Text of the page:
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The University is at a crossroads, says Dick Baddour ’66, director of athletics and chair of the task force that in late May announced its unanimous endorsement of permanent advertising in UNC’s top sports venues, the Smith Center and Kenan Stadium.”My preference is not to go in this direction, but I have a stronger preference to maintain” the athletics programs, Baddour said.
In making its recommendation on May 27, the UNC Task Force on Signage in Athletic Venues said fixed advertising – which it described as “limited and tasteful” – and other partnerships would help the athletics department meet financial needs.
Last year, for the first time in 15 years, the athletics department helped the Educational Foundation, also known as the Rams Club, absorb a shortfall of about $300,000 in its funds to pay for scholarships.
Baddour said the estimated deficit for the next school year is $500,000 to $600,000. Tuition increases have been cited for the rise in scholarship costs.
The task force said permanent advertising could be added to the Smith Center and Kenan Stadium while maintaining UNC’s environment and traditions.
If Chancellor James Moeser and the Board of Trustees approve signage, advertisements could appear in the 2005-06 academic year, Baddour said.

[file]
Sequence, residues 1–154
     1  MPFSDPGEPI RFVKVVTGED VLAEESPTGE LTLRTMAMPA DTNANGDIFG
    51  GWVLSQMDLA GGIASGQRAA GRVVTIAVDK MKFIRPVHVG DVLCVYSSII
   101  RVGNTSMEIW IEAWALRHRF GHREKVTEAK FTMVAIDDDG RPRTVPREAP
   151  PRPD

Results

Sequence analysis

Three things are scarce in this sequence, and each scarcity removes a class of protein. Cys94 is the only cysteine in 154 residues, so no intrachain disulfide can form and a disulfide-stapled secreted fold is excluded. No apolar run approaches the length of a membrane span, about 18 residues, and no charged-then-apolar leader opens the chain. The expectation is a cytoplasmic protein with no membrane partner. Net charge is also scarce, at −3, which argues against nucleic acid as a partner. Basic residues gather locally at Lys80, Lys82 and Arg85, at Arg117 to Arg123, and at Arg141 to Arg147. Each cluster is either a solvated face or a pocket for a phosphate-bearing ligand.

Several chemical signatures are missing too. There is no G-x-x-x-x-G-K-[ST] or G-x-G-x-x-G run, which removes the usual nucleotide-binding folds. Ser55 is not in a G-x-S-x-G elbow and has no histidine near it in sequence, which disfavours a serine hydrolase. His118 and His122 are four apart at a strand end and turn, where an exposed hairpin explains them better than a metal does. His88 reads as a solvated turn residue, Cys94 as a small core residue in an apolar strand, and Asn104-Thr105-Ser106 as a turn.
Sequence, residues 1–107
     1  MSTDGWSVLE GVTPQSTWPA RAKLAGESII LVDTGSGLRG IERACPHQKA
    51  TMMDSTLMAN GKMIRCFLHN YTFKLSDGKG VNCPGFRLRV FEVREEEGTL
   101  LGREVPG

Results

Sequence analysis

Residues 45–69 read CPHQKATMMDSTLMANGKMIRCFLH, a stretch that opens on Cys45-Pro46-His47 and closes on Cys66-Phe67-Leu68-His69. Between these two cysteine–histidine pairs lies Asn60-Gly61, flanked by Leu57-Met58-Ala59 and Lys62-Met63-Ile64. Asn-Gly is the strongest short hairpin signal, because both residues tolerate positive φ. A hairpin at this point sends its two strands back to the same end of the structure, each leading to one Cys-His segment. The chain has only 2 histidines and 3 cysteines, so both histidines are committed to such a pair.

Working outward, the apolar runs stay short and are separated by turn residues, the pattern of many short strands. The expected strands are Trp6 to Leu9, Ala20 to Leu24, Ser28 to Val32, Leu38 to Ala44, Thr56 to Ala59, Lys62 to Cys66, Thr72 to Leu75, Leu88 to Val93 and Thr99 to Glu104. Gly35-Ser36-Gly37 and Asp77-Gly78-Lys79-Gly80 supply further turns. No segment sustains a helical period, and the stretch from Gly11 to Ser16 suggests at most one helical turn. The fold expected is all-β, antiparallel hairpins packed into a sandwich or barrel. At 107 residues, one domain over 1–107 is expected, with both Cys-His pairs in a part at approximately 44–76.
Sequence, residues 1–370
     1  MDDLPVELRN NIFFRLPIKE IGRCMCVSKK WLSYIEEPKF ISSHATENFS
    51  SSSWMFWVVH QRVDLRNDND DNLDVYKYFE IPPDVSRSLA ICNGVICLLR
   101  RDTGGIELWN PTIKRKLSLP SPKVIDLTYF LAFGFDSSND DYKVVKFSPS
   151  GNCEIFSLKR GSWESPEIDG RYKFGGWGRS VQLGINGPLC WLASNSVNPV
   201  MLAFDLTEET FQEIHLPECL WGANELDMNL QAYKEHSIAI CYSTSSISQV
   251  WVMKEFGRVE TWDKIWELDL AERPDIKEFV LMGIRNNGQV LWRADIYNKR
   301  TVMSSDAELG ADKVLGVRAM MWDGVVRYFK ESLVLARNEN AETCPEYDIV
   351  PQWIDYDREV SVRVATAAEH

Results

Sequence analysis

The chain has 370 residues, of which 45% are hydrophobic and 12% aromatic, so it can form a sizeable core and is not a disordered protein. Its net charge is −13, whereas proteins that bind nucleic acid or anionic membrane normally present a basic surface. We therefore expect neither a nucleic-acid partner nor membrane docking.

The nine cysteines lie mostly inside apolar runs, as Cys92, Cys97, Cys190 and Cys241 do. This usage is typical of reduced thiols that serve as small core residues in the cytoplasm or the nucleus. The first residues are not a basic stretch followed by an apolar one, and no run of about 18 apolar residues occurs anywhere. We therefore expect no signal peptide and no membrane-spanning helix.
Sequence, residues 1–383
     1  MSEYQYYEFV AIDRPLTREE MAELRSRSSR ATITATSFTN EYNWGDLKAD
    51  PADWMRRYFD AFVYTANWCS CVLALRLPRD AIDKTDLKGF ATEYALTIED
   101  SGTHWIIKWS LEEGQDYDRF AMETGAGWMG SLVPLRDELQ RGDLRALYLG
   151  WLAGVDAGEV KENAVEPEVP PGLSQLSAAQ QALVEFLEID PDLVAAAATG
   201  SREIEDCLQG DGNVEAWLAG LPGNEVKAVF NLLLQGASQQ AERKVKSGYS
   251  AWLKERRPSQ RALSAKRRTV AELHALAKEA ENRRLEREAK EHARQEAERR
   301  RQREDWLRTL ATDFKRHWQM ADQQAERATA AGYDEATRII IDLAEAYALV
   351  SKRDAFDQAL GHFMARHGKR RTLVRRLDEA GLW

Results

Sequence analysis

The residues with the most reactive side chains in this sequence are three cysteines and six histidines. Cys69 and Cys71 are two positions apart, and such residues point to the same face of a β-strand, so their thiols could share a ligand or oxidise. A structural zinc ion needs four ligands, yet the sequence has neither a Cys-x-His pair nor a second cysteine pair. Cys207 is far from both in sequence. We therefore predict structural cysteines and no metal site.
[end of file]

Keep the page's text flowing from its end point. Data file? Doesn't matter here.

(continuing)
Trustee John Ellison ’69, a member of the Rams Club and the task force, said such advertising should be “as unobtrusive as possible.” The aesthetics of the sports venues are important, he noted, and he added that the task force preferred that the stadium floors remain free of ad messages.
But Ellison called some signage an unfortunate necessity. UNC is one of a few U.S. universities that do not allow permanent advertising in their major athletics venues; at UNC, it is currently allowed in Carmichael Auditorium, Boshamer Stadium and Fetzer Field. So-called “soft advertising” has been a staple at events in the past, including commercial spots run on video boards and signs held up by cheerleaders in promotional events during timeouts.
Ellison said he hopes that additional signage at UNC would be more limited than at some schools.
The fact that UNC has held out so long is a source of pride for many in the University community.
Associate Athletic Director Norwood Teague ’88 said signage could produce $600,000 to $1 million in annual revenue for athletics, depending on the quantity and location of ads.
Baddour said he doesn’t know if signage would be a permanent solution, but he said it would be a major step in supporting the athletics department’s budget.
In the 2003-04 academic year, more than 470 athletes, mainly those in nonrevenue sports, received some athletic financial aid.
No specific companies have been identified as being considered for signage, but earlier this year the task force produced mockup advertisements for several financial institutions and an automaker.